In October 1965, the International Military Assistance Office was renamed the Free World Military Assistance Office, this agency acquired its own building in downtown Saigon known as the Free World Building (10°46′19″N 106°40′26″E / 10.772°N 106.674°E / 10.772; 106.674), which it shared with representatives of the troop-contributing countries.[3] Codifying earlier ad hoc arrangements, the Free World Military Assistance Office outlined command relationships between MACV, the FWMF and the South Vietnamese. Each force was under the command of a general officer of its own nationality who maintained his headquarters in Saigon. The national commander, cooperating with representatives of MACV and the South Vietnamese Joint General Staff (JGS) (in practice Generals Westmoreland and Cao Văn Viên for major contingents, such as the South Koreans), formed a policy council that implemented the terms of the military agreements between the U.S., South Vietnam and the contributing country. The council’s most important task was the establishment of an exact command relationship between the allied force, MACV and the JGS. In practice, this meant that the allies dealt directly with MACV, since the FWMF countries ruled out any subordination of their forces to those of Saigon. The Australians, New Zealanders, Thais and to a degree the Filipinos placed their troops under Westmoreland's operational control and that of his subordinate American tactical commanders. These arrangements, however, were less militarily absolute and straightforward than their formal terms might have suggested. Each country kept close watch over its contingent and negotiated with MACV the exact extent of its forces’ participation in combat. Concerned about the domestic political effects of heavy casualties, for example, the Australian and New Zealand governments were reluctant to engage their soldiers in risky offensive operations and also wanted to keep them out of internationally sensitive areas such as the Cambodian border region. After lengthy negotiations with Lieutenant General John Wilton, chief of the Royal Australian Army General Staff and other Australian officials, as well as with the South Vietnamese, Westmoreland early in 1966 assigned the Australian–New Zealand task force its own area of operations in Phước Tuy Province east of Saigon. There, in a province well away from Cambodia that large enemy main-force units rarely entered, the task force could protect an important highway and fight VC guerrillas.[4]: 344–5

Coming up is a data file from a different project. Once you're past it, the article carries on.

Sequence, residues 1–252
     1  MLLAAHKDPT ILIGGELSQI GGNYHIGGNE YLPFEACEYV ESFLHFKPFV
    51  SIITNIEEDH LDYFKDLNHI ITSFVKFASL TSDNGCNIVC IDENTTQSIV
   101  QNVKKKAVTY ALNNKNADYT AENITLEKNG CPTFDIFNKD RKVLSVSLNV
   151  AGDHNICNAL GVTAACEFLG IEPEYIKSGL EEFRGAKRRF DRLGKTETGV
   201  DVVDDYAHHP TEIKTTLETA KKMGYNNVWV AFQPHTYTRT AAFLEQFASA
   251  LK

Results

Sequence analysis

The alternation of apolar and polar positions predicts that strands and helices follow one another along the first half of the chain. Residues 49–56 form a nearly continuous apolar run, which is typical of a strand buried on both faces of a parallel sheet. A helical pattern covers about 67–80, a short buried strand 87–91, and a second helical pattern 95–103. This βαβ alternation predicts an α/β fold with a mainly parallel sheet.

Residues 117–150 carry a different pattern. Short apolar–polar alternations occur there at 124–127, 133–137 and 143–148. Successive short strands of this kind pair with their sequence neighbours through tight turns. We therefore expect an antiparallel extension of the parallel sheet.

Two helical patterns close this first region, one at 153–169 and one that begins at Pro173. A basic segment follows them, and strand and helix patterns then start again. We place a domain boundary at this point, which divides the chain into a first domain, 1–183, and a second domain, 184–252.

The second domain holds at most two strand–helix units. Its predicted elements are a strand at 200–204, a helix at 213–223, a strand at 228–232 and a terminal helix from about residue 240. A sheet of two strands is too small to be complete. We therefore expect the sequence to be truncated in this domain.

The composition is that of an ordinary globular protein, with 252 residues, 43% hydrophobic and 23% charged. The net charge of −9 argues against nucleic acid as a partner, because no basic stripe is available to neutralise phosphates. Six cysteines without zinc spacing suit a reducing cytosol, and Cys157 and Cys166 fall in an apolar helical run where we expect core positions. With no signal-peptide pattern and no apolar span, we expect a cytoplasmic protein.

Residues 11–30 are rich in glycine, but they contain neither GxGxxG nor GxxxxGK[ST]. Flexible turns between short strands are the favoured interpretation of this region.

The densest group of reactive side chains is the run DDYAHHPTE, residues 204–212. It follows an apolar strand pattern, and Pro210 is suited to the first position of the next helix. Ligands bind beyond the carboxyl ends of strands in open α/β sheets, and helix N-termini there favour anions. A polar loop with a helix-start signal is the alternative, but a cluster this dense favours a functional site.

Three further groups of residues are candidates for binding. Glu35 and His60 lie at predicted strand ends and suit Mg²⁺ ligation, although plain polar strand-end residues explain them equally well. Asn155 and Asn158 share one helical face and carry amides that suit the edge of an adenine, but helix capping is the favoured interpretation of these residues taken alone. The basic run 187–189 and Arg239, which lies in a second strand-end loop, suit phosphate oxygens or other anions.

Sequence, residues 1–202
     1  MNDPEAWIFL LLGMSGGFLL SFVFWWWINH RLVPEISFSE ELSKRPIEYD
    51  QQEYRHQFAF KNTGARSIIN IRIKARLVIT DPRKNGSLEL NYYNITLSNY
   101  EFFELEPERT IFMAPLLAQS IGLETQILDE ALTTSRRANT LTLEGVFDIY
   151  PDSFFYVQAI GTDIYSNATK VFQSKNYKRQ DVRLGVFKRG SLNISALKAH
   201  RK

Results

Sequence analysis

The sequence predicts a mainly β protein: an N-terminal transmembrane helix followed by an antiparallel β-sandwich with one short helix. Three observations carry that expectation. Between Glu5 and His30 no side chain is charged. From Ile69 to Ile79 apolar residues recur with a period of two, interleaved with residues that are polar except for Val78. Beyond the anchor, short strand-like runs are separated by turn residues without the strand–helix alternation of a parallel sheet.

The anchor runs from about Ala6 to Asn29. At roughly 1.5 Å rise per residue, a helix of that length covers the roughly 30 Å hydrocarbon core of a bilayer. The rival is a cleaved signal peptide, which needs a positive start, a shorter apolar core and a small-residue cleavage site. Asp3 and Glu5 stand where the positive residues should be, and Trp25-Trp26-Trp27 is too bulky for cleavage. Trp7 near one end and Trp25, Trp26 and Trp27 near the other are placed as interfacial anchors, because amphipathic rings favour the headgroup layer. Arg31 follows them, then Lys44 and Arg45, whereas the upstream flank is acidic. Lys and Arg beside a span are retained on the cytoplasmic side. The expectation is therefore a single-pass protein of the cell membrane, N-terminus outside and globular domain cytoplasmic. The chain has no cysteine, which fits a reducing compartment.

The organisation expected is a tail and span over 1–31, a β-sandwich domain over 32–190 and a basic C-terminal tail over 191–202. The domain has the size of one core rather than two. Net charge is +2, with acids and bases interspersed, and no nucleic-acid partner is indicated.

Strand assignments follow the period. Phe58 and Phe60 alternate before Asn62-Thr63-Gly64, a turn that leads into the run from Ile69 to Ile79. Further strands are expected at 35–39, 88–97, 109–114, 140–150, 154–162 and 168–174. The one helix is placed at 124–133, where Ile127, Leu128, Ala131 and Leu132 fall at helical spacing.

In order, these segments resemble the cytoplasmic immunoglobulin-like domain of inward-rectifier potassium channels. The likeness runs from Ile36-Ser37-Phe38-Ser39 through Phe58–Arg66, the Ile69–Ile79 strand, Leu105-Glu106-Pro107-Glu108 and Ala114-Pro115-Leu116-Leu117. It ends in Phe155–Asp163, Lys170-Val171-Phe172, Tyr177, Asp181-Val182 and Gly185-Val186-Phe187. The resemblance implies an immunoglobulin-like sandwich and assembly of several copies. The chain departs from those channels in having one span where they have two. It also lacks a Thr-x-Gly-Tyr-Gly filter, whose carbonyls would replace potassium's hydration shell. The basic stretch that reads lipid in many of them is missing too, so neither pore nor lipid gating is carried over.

The South Koreans, whose troops eventually took over defense of most of the populated coastal region of II Corps, rejected any semblance of formal American operational control. Viewing their presence in South Vietnam as a bargaining lever in their relations with the U.S. and as an occasion to assert themselves as an Asian anti-Communist power in their own right, the South Koreans from the outset insisted that their expeditionary force be treated as independent of, and coequal with, the U.S. and South Vietnamese armies. Since the U.S. desired to have South Korean soldiers in South Vietnam much more than the South Koreans needed to be there, the South Korean government was able to obtain generally what it wanted in terms of command relationships.

On 6 September 1965, after lengthy conferences between the South Korean commander, General Chae Myung-shin, Westmoreland and Cao Văn Viên, a new military working arrangement was signed providing for MACV logistical and intelligence support for the South Korean force, but Chae, on grounds of national sovereignty and prestige, refused to sign any document formally placing his troops under Westmoreland’s operational control. On the question of command, the document simply declared that the South Korean units would “execute necessary operational missions in support of the National Pacification Program” under their own commander. Privately, Chae and other South Korean officials assured Westmoreland that their forces would act as though they were under his orders and those of the I Field Force, Vietnam commander, Major general Stanley R. Larsen, as long as nothing was put in writing and the orders were couched as requests. Westmoreland accepted this gentlemen’s agreement as "probably more durable and certainly more politically palatable than a formal arrangement that would create unnecessary controversy... be politically awkward to the Koreans, and in the final analysis not be binding."[4]: 345